on life, music etc beyond mainstream

2014 19 Mai

Cool Words

von: Bob T Bright Filed under: Blog | TB | 7 Comments

I find Anja Utler’s poetry beautiful beyond words – almost literally, because when I listen to her reciting her poetry, I do so without paying conscious attention to her language, but rather, allow the rhythms and any surface or underlying meaning(s) to enter my mind – or rather my superconsciousness, on an intuitive level. Of course, even describing this process is challenging as at each moment of listening, and as I report the process, I’m not absolutely clear whether how I am engaging with the reading (in this case) is actually at a conscious level or not. However, even without  picking out the individual words, I know beyond question that this poetry is resonating strongly with me on an emotional and spiritual level. In many ways the relationship with this particular poet’s writing (and performance of it) is similar to the relationship that I might have with certain musicians and their work – where I don’t know what it is precisely about the music that is affecting me, but at the same time I know that, unquestionably, it is allowing me to tap in to a well of joy. In the UK there is a rather strange attitude towards the German language, with a common view being that the language is ‚harsh‘ or ‚guttural‘ – a view that is derived from exposure to a plethora of war movies and documentaries about a period of history 70 years ago. I always oppose these views – pointing out the beauty of the German language … perhaps this recording would be a first step in convincing those who do not already know it of the validity of such a view.

This entry was posted on Montag, 19. Mai 2014 and is filed under "Blog". You can follow any responses to this entry with RSS 2.0. Both comments and pings are currently closed.


  1. Michael Engelbrecht:

    That’s so interesting. Here, on this site, we are always changing (as readers or writers) between these two languages which constantly implies a different thinking mode – apart from that lady (I don’t know her at all and will give her a listen) it’s what one can call a manafonistic meta-text. And meanwhile we can even „read“ Brian in Chinese letters:)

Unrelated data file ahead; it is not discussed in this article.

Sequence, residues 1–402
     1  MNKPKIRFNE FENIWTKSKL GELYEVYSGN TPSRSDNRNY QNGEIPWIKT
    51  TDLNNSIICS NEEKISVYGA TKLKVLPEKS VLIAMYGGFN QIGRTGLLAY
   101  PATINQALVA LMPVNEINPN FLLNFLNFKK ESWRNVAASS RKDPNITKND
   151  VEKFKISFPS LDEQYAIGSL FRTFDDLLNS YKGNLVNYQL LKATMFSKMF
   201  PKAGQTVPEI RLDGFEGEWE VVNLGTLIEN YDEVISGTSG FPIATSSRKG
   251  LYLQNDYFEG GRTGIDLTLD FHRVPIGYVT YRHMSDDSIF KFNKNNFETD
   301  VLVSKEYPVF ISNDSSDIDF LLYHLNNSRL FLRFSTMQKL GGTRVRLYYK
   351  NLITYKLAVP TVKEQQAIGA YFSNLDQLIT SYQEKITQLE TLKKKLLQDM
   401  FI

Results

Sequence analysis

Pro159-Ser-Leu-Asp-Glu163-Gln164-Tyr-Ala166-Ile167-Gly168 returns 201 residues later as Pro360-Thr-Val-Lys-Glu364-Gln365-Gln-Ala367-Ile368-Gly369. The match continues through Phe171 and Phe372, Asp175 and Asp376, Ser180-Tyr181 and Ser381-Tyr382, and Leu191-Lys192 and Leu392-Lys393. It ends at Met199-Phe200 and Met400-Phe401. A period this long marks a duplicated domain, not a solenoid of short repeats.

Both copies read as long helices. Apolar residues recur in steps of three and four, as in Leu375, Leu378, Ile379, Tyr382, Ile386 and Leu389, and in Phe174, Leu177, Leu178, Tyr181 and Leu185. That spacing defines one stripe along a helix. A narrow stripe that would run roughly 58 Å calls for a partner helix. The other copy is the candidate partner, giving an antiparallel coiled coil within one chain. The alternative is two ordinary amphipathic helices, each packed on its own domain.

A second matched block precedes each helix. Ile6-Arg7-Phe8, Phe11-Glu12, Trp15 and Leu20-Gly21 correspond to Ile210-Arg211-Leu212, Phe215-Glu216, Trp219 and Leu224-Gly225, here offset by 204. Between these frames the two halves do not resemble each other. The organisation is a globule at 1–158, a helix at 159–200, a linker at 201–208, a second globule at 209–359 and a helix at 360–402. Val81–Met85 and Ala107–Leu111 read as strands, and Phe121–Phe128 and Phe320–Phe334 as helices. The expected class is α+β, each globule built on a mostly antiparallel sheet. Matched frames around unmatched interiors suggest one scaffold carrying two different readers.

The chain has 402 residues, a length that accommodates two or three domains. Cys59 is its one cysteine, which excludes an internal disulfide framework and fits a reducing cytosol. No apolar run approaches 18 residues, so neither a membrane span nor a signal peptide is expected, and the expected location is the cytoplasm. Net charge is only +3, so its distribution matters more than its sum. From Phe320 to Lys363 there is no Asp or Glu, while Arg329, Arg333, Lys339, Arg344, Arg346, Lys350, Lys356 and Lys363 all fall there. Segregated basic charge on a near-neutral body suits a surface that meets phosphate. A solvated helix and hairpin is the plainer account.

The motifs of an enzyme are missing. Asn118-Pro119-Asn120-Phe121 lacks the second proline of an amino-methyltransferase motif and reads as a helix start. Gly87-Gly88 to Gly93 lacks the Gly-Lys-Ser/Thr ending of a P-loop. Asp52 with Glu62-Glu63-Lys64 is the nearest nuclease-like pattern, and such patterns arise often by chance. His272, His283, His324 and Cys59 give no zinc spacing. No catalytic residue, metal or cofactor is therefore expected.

It was such a good season for Southampton, hope the „new team“ (lots of changes at the Saints, I’ve heared) will do a similarly great job. And this fuckin‘ no-goal by Hummels was 40 centimeters behind the line. F o u r t y fuckin‘ centimeters!!!

  2. Martina:

    Maybe one can say there are two kinds of poetry: the one you can read and the other you have to listen to because of the impact of reading by the poet itself. Anja Utler belongs to the second type. I listened to her reading one time, eleven years ago, in march 2003. It war a ten minute lecture at the famous lyric competition for young poets „Literarischer März“ in Darmstadt. Anja Utler wore a green H&M pullover then (and in my wardrobe was the same one). Have you ever been at a poetry contest, Bob? You feel who would win the first prize. Everyone knew it would be Anja Utler. She studied speech traning at the university of Regensburg and the jury said she would feel the words. Sometimes the words talk with each other and they are on the edge of loosing the content. In any case her lecture is impressing, the temperature is cool, as you wrote, Bob. If you´d like to listen to more poetry, I could recommend the lyrikline-project to you (you can read and listen to Anja Utler´s poetry there as well):

    @ Michael: You can even listen to chinese poems!

    As Brian Eno wrote in his essay „edges and center“: „Would Miles have sounded the same if he´d been a fat heating engineer from Oslo rather than a glamourous member of a glamorous subterranean outsider culture?“ You can transfer this on poetry, at least partly. It ist not only the written word, that counts. It´s about how you say it, not only in poetry.

  3. Bob:

    Hi Michael,

    it’s a dream come true for me to be involved in writing in a German blog, even though my own German is a little rusty! So sorry about BVB…. and sorry to hear about the end of a wonderful dream for Saints (though let’s hope the next one is as great)!

    Many thanks Martina. I think you are so right about the written v the spoken word in poetry. I am hoping to study this myself. I haven’t taken part in a poetry contest, but it is fascinating to hear poetry performed and to note what one likes (and doesn’t like). Do you perform your own poetry? I’m new to the ‚game‘ but when I read aloud, I still hear the diffidence in my voice, which I guess needs confidence and training (even) to overcome. Many thanks for the link and I look forward to exploring further – both the German and the Chinese with Michael!

  4. Martina:

    I wouldn´t say that I perform my own poetry, Bob. But I try to read them in a special way, e.g. I try to emphasize the rhythm in my own way. I took two lessons of a speech training a few weeks ago which was really helpful. It ist important to breath and to pause at the right spot. The more you deal with it the more complicated it becomes, as everywhere.

  5. Bob:

    Thanks Martina. There’s a book that I have been meaning to read (but have not got round to doing yet) related to this:

    I’ll post something when I have read (some of) it!

  6. Martina:

    Thanks so much, Bob. Sounds great. I ordered this book a minute ago. One of the authors is Marjorie Perloff, one of the most famous poetry critic in the US. Do you perform your poetry or do you plan to do so, Bob?

  7. Bob:

    Hi Martina. Great! I think I will get round to ordering it myself. I only started writing quite recently and have only read one poem in public, but am going to do another open mic spot and will try elsewhere from time to time. I’d like to work on developing my own style.

Manafonistas | Impressum | Kontakt | Datenschutz